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Sunday, January 22, 2006

Teaching The Intro Course

I probably teach the required undergraduate core finance course more than any bother one. Many (if not most) experienced faculty put this class on the bottom of their list of favorite classes to teach. There are a number of factors that make this class a challenge:
  • The class demands both a sound grounding in basic accounting (many students' lease favorite course) and decent math skills
  • The class serves two purposes - for finance majors, it's the foundational course, provides the basicc background that they'll use in all subsequent finance courses. For the non-finance major, it's the only finance course they'll ever take.
  • There's a wide varience in student aptitude for the material
  • It's often done in large (40+ student) sections.
Unlike many, I consider this to be one of my two favorite courses to teach. First, becasue it's easy, and second because it's a goood opportunity to be a "finance evangelist". I figure that if I do a good job, many of the accounting students will see the light and convert.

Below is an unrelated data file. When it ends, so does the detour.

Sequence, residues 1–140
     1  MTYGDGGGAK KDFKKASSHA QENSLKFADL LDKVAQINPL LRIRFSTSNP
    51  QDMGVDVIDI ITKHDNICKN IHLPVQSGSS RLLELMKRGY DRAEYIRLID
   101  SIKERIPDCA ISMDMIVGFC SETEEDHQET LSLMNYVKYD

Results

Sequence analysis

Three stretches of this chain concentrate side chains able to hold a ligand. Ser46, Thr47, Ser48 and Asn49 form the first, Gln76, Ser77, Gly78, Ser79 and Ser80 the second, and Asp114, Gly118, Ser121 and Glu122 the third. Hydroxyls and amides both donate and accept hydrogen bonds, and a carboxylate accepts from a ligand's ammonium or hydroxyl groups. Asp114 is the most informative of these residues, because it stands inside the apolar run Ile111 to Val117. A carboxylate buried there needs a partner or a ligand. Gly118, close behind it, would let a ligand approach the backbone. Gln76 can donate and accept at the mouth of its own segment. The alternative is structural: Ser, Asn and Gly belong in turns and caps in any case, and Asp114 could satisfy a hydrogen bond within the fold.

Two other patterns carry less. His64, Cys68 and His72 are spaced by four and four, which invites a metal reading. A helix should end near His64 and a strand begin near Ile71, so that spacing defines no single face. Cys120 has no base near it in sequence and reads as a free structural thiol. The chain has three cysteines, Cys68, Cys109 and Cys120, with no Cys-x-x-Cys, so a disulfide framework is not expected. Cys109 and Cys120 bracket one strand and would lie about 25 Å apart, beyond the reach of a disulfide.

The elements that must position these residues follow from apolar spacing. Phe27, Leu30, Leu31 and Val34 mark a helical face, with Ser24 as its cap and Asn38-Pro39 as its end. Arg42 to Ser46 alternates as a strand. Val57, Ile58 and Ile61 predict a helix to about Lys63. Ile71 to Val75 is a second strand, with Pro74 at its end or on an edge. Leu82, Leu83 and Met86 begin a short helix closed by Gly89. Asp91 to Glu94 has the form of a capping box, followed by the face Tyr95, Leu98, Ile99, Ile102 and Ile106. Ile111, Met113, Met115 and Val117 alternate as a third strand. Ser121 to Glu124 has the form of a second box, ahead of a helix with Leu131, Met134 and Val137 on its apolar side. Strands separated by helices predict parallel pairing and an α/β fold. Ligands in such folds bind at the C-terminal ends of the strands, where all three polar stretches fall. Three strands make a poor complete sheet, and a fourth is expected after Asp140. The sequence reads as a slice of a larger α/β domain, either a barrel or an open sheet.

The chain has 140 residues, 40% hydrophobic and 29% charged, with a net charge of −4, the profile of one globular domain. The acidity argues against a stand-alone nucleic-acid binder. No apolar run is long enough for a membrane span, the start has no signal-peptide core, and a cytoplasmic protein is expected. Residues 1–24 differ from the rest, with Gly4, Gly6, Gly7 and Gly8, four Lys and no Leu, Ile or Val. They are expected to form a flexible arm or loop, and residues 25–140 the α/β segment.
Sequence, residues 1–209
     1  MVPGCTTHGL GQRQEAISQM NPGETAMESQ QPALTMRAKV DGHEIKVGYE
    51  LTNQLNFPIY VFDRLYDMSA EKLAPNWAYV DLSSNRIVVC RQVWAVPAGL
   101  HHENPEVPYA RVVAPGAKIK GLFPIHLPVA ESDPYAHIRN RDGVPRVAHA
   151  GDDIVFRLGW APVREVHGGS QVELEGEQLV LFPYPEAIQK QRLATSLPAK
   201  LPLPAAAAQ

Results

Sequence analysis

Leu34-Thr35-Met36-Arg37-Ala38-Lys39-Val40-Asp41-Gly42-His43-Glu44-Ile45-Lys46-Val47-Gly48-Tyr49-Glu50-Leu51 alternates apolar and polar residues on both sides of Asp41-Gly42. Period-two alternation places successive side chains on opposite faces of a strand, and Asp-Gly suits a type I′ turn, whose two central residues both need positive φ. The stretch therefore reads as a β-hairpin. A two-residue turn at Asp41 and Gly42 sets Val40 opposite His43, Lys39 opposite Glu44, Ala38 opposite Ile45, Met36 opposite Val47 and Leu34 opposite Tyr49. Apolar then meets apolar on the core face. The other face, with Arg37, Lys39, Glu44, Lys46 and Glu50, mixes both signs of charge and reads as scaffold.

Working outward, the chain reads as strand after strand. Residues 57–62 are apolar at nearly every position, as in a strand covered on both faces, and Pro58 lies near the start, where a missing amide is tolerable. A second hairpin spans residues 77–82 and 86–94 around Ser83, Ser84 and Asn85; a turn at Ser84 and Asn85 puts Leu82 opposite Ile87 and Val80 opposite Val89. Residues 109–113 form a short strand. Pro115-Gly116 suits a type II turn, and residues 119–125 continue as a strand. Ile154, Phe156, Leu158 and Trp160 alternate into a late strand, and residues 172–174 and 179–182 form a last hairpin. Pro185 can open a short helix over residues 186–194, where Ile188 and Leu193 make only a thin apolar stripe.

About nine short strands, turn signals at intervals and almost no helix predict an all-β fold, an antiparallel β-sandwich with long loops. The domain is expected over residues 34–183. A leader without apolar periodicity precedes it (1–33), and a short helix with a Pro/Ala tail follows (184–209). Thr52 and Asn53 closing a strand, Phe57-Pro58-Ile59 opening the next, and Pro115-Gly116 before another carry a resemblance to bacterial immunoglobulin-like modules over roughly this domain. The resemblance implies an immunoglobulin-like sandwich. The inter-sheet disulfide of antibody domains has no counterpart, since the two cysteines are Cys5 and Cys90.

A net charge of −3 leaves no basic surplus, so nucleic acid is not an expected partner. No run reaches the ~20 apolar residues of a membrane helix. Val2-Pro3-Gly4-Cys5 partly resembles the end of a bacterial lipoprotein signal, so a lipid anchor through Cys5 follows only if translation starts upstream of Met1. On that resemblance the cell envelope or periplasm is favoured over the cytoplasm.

See Jane Compute is blogging about teaching the intro computer programming course, which shares many of these same difficulties. She writes:
The biggest challenges I have at this level are (a) maintaining everyone's interest in the material, without losing or boring anyone along the way; (b) making sure that the lesser-prepared students aren't intimidated by the blowhards (many of whom really have sub-standard skills, but they know the lingo and they know how to sling it around); (c) introducing an overwhelming number of concepts in the first several weeks, and making sense out of them; (d) making sure that at the end of the class, everyone has some baseline skill in programming a computer.
She's got some great suggestions. Read them here.

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